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Schuette Files Lawsuits Against Water Firms That Worked In Flint

Jun 23, 2016

Michigan Attorney General Bill Schuette
Credit State of Michigan / michigan.gov

The state has filed a lawsuit seeking to collect hundreds of millions of dollars in damages from two water engineering firms that did work in Flint.  


The lawsuit accuses the companies Veolia North America and Lockwood, Andrews & Newnam (LAN) of fraud and professional negligence.  It says the firms not only failed to detect lead contamination of the water, but also did things that made the problem worse.  “They failed miserably in their job, basically botched it,” said Michigan Attorney General Bill Schuette.  “Didn’t stop the water in Flint from being poisoned.  They made it worse.  That’s what they did.”  

Todd Flood is the special assistant attorney general in charge of the investigation. He says the lawsuit seeks to recover the costs of dealing with the water crisis.  “We have a mighty stick and we are here on behalf of the state of Michigan and the citizens of Flint,” he said.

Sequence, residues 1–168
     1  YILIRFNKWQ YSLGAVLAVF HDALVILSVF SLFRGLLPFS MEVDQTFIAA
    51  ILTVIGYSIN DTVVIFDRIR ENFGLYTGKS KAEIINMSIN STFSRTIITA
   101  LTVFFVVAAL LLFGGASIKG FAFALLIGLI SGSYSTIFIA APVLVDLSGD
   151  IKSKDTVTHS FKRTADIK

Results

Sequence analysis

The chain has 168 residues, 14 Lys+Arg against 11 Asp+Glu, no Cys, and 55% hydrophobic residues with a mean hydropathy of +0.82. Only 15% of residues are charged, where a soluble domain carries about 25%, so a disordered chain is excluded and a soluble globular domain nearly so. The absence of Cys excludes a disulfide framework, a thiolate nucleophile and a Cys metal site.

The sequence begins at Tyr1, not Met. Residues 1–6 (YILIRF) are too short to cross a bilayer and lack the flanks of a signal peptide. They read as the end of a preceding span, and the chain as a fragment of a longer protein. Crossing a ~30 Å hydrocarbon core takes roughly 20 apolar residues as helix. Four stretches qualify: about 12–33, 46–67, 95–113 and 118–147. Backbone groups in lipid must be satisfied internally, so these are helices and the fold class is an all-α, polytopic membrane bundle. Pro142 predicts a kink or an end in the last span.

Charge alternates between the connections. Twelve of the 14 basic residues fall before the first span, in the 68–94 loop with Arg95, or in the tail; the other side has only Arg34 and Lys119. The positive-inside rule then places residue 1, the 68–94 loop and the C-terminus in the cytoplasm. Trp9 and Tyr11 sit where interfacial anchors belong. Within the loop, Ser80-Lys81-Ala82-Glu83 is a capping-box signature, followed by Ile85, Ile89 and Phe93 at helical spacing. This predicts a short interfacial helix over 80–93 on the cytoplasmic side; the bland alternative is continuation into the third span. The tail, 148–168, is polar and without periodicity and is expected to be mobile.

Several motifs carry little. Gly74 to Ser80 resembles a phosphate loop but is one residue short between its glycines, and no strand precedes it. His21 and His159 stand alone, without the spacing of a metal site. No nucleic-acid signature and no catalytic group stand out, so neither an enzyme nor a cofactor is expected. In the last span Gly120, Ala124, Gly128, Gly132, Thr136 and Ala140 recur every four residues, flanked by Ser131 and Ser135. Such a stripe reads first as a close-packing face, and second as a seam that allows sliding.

Schuette said the damages could be used to set up a trust fund to help Flint residents recover from the water crisis. 

Both companies released statements vigorously denying any misconduct. 

From the statement by Veolia: 

“The company is disappointed that the Attorney General has taken this action and will vigorously defend itself against these unwarranted allegations of wrongdoing.”

They say every prior study blames the drinking water disaster on mistakes by government officials, not private contractors.

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— Rick Pluta is the Managing Editor and Reporter for the Michigan Public Radio network.  Contact WEMU News at 734.487.3363 or email us at studio@wemu.org